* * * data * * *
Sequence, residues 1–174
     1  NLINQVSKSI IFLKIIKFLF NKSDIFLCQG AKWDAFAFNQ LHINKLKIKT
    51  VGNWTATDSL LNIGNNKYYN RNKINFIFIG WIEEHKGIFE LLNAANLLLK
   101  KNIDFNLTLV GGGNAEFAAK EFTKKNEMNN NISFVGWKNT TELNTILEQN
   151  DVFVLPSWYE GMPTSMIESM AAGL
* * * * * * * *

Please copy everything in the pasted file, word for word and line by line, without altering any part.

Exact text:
Sequence, residues 1–174
     1  NLINQVSKSI IFLKIIKFLF NKSDIFLCQG AKWDAFAFNQ LHINKLKIKT
    51  VGNWTATDSL LNIGNNKYYN RNKINFIFIG WIEEHKGIFE LLNAANLLLK
   101  KNIDFNLTLV GGGNAEFAAK EFTKKNEMNN NISFVGWKNT TELNTILEQN
   151  DVFVLPSWYE GMPTSMIESM AAGL